white referendum on the internal settlement. Donald Goddard, the virulent young MP for
Matobo, interjected: 'Hang them publicly.' Gaunt warned that Africa was now going to
witness the wrath of really angry white men.
For Ian Smith it was a political
disaster. Almost simultaneously it was revealed that he had met the murderous Nkomo for
secret talks in Lusaka only three weeks earlier. As crowds gathered outside the Anglican
Cathedral of St Mary's and All Saints for the funeral service, an irate Rhodesian and
father of four, Gideon Tredoux, held up a banner: 'PM Smith - Give Nkomo a message next
time you meet him secretly: "Go to hell, you murdering bastard."' When Bishop
Paul Burrough pulled down one of the hate posters, he was booed. Two thousand mourners
packed into the Cathedral and a further 500 stood outside: the atmosphere was highly
charged. At Cynthia Tilley's funeral at the Presbyterian Church on Jameson Avenue, one
mourner growled: 'If that is not a satanic act, what is? You don't make a pact with the
devil. He should be shot.'
The Rhodesia Herald.....The killing
of the crash survivors was also condemned by Bishop Desmond Tutu, general secretary of the
South African Council of Churches in a statement in Johannesberg. The statement said no
condemnation could be strong enough for such a heartless act of slaying defenseless and
helpless people, and heartfelt sympathy went to their relatives and friends.
A Deafening Silence'-
the Anglican Hierarchy
The funeral service for the victims
was the occasion of a remarkable sermon by the Anglican Dean of Salisbury, a fulmination
which provoked a long and sour controversy within the churches. The Very Rev. John da
Costa is tall, strongly built, bearded, white-robed, flamboyant, with a hale and crunching
handshake - and quick-tempered. Trained by the Society of the Sacred Mission, da Costa had
worked in West Africa and then among the Coloureds of Cape Town, where he served as
adviser on missionary work to the Archbishop.
Gazing down from the cathedral pulpit
on 2000 mourners, da Costa began by dissociating clergymen from politics: 'I will not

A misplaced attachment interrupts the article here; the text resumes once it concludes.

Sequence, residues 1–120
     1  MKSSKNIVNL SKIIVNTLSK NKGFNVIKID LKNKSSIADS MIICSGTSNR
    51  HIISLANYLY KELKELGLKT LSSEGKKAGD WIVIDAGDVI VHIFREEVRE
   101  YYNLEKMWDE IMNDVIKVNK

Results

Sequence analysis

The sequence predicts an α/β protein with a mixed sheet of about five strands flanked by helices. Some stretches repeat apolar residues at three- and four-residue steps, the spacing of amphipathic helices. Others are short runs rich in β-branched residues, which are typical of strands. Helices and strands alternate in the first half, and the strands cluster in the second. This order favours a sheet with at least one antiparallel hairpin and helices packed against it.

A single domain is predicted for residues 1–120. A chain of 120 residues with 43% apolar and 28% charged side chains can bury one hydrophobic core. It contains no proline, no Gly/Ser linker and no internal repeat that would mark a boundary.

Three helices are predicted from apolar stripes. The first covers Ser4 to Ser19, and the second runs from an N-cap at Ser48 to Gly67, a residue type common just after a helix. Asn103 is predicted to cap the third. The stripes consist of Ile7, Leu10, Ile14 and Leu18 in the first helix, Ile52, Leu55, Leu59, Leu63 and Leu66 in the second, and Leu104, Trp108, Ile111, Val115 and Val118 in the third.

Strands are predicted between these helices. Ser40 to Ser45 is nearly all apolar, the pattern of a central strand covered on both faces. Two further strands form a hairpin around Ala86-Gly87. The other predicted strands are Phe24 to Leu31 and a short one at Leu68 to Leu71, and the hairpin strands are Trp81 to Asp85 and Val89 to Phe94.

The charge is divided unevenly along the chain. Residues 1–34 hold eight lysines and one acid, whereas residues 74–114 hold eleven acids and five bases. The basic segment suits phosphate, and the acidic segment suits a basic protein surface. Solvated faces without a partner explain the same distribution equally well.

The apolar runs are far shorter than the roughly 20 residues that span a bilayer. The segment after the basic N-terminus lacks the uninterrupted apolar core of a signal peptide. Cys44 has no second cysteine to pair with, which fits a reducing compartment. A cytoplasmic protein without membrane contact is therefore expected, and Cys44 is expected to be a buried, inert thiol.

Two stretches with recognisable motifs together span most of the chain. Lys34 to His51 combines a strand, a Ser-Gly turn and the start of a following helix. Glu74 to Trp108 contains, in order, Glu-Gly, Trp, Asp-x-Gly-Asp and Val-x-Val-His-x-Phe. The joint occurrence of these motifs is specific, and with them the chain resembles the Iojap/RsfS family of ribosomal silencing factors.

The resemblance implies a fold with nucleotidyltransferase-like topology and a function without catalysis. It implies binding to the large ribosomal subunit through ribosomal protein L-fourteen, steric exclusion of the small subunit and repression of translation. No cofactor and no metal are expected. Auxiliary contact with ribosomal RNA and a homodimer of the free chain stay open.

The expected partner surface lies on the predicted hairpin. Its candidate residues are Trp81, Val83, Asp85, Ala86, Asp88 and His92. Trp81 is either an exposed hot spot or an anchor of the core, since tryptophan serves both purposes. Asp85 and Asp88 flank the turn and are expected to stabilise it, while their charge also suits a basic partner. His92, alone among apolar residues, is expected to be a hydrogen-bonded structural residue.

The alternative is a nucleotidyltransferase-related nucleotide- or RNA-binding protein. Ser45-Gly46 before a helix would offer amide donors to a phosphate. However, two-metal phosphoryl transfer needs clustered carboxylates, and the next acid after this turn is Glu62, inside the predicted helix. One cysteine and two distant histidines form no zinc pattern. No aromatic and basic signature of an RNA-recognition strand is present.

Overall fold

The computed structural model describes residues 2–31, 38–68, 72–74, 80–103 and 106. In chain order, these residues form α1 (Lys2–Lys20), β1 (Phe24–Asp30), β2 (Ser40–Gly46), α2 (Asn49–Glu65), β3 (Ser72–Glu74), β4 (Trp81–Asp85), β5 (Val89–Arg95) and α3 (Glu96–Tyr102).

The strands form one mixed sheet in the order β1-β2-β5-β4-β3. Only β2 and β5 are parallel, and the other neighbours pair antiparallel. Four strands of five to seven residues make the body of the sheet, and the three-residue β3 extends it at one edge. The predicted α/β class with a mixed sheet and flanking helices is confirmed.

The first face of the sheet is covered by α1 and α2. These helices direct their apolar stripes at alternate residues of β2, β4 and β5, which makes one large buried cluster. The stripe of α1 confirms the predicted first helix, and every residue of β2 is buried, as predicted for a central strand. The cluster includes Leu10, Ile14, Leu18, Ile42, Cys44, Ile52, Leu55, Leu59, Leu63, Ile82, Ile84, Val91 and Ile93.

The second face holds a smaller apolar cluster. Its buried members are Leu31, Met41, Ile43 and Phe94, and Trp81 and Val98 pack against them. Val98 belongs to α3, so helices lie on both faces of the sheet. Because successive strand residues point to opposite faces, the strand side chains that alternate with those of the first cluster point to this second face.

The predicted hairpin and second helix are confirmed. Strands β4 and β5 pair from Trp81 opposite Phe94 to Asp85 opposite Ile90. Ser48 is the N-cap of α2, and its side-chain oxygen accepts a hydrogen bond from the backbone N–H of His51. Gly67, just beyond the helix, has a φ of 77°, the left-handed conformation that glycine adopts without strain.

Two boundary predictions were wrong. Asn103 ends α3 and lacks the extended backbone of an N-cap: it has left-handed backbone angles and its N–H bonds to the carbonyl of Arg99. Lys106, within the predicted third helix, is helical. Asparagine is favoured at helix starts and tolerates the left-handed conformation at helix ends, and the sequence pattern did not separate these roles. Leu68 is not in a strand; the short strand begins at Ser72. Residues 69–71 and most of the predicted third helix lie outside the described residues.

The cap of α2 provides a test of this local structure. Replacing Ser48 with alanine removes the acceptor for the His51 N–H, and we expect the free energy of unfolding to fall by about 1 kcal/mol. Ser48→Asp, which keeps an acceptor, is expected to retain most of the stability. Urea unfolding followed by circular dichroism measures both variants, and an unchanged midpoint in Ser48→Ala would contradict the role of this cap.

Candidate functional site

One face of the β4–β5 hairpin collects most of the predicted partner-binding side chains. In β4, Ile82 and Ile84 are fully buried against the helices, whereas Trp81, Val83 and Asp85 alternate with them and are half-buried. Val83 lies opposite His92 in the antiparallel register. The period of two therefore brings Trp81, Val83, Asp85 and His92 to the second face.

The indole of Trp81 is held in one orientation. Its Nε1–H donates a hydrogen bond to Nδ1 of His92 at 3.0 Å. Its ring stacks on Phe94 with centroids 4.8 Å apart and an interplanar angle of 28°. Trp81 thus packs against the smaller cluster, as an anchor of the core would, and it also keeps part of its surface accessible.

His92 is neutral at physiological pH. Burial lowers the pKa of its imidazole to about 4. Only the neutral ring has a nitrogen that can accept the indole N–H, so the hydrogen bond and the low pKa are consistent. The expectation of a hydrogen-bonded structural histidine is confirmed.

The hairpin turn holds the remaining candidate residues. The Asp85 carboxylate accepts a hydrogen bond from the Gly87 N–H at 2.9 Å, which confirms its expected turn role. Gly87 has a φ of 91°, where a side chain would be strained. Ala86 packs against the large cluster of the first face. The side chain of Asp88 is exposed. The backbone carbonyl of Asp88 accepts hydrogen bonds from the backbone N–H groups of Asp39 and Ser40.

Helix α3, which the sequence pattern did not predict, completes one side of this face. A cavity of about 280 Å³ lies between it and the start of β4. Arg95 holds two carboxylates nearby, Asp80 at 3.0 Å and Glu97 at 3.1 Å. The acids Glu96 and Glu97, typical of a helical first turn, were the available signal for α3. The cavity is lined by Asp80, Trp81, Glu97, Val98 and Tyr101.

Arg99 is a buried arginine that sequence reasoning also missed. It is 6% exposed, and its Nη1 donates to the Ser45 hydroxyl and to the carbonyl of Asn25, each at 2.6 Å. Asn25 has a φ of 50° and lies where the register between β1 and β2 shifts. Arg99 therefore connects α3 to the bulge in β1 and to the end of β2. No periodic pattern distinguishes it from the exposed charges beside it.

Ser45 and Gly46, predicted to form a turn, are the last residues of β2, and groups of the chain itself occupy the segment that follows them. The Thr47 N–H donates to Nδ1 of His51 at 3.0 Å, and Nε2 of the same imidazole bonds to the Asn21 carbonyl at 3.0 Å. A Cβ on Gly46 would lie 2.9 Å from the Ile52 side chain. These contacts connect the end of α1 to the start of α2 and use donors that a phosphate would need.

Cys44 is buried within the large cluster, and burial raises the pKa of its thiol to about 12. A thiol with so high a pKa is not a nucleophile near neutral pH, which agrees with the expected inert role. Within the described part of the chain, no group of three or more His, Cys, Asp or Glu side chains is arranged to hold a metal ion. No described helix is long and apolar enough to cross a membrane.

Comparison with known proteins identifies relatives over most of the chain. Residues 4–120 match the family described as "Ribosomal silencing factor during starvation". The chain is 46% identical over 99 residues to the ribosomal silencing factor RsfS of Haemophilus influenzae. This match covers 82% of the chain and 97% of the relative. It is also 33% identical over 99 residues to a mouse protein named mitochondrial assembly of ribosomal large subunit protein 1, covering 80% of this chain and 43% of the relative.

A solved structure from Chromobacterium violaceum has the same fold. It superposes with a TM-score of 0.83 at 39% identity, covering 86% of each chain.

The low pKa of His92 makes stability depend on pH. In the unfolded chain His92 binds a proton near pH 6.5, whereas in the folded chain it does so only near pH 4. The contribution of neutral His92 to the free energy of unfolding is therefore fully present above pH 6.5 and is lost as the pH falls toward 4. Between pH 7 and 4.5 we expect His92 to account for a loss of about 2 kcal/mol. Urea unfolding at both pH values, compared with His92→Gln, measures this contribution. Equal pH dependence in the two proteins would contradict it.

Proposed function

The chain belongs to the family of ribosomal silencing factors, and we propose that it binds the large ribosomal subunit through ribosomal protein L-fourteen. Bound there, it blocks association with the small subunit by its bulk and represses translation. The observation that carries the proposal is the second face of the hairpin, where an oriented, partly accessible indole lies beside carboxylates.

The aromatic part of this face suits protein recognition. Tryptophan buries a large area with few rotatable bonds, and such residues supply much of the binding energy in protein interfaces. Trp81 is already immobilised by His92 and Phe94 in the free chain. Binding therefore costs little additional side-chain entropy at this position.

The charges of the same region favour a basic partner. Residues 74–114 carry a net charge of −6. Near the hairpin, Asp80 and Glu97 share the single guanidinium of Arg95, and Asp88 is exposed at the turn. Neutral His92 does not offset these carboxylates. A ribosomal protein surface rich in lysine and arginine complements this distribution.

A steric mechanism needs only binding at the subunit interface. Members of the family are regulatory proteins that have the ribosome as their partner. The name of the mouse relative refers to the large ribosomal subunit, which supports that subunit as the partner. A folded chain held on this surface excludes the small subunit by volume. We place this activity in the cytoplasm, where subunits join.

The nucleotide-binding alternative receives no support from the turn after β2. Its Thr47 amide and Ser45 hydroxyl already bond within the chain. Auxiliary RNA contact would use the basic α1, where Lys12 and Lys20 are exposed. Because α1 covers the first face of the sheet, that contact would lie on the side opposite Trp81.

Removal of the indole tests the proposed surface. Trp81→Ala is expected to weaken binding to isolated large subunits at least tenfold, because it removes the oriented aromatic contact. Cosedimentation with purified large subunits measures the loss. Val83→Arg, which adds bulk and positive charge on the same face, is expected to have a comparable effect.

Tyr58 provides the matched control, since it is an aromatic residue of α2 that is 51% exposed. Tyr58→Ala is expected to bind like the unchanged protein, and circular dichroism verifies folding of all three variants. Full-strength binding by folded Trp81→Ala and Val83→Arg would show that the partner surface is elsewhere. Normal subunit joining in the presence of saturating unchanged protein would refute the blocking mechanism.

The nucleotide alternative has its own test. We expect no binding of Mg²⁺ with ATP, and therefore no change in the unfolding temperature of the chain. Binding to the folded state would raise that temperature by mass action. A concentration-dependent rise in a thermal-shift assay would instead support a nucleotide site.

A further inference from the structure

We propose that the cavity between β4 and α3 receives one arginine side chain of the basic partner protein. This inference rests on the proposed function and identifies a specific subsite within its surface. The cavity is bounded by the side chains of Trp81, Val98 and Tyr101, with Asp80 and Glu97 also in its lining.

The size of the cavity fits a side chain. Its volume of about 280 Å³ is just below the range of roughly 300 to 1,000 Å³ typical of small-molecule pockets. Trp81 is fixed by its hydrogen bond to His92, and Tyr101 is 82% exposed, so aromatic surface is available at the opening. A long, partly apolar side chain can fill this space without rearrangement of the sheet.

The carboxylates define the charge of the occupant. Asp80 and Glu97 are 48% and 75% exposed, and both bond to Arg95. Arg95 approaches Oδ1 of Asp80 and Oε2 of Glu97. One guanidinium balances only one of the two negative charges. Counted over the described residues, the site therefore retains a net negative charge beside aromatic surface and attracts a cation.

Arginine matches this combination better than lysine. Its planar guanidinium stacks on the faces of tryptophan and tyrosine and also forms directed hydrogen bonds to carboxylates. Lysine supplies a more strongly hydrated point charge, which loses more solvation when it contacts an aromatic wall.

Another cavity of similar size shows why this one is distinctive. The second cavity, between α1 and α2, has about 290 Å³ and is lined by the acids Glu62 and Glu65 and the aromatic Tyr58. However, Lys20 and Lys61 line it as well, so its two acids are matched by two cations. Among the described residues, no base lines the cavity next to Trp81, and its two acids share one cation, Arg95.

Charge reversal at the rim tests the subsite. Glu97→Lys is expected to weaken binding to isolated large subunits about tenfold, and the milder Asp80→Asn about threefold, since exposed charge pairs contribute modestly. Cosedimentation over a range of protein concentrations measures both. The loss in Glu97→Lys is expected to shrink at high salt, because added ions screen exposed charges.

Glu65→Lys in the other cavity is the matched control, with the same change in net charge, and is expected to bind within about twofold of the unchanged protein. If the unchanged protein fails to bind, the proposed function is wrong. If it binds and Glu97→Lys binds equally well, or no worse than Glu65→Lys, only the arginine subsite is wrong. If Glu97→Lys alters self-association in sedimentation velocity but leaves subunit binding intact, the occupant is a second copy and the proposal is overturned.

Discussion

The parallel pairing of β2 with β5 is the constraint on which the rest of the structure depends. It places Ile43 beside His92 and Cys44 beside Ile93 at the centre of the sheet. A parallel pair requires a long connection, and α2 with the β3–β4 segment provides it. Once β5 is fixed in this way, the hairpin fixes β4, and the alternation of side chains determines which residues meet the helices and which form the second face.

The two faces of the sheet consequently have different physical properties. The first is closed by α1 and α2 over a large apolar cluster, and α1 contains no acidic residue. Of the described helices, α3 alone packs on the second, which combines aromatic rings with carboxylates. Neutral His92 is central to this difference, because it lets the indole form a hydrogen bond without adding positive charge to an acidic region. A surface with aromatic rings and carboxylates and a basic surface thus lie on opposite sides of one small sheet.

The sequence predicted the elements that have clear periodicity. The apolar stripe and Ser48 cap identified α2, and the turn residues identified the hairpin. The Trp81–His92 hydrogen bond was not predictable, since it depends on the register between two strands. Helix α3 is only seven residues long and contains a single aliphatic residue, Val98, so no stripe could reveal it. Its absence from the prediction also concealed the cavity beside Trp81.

allow politics to be preached in this Cathedral.'And yet, and yet: 'times come when it is
necessary to speak out' against 'murder of the most savage and treacherous sort' which can
arouse only 'disbelief ... revulsion'. Choosing his words carefully, the Dean declared:
'This bestiality, worse than anything in recent history, stinks in the nostrils of
heaven.' (The cockney accent is continually surprising.)
The Rhodesia Herald some
extracts........"Nobody who holds sacred the dignity of human life can be anything
but sickened at the events attending the crash of the Viscount Hunyani. Survivors have the
greatest call on the sympathy and assistance of every other human being. The horror of the
crash was bad enough, but that this should have been compounded by the murder of the most
savage and treacherous sort leaves us stunned with disbelief and brings revulsion in the
minds of anyone deserving the name "human". This bestiality, worse than anything
in recent history, stinks in the nostrils of heaven. But are we deafened by the voice of
protest from nations which call themselves "civilised"? We are not. Like men in
the story of the good Samaritan. They 'pass by on the other side'. One listens for
condemnation by Dr David Owen, himself a medical doctor, trained to help all in need. One
listens, and the silence is deafening. One listens for loud condemnation by the President
of the United States, himself a man from the Bible-Baptist belt , and once again the
silence is deafening. One listens for condemnation by the Pope, by the Archbishop of
Canterbury, by all who love the name of God. Again the silence is deafening. I do not
believe in white supremacy. I do not believe in black supremacy either......The
ghastliness of this ill-fated flight from Kariba will be burned upon our memories for
years to come. For others far from our borders, it is an intellectual matter, not one
which affects them deeply."
Da Costa accused 'the nations which
call themselves civilised' of a deafening silence. Neither Dr Owen nor the President of
the USA, nor the Pope, nor the Chief Rabbi nor the Archbishop of Canterbury had condemned
the deed loudly and clearly. So who was to blame? First, those who fired the guns. And who
were they? Men and youths who, as likely as not, had recently attended church schools.
Shooting from the hip, the Dean raked not only the -TV and cinema screens of the world for
glorifying violence, but also the UN and the World Council of Churches who each paraded 'a
pseudo-morality which, like all half-truths, is more dangerous than the lie direct'. But
really all the churches were to blame for failing to defeat the 'satanic forces' of
Communism by means of prayer, praise and religious witness.
Even though the Canon Press sold
38,000 copies of the sermon and a record company sold 25,000 discs (for which the Dean was
awarded a golden disc), he describes 'A Deafening Silence' as 'the most disastrous failure
of my whole ministry'. Why? Because the brother canons of the Cathedral were angry about
it; because nonconformists accused him of violating his own ban on political sermons.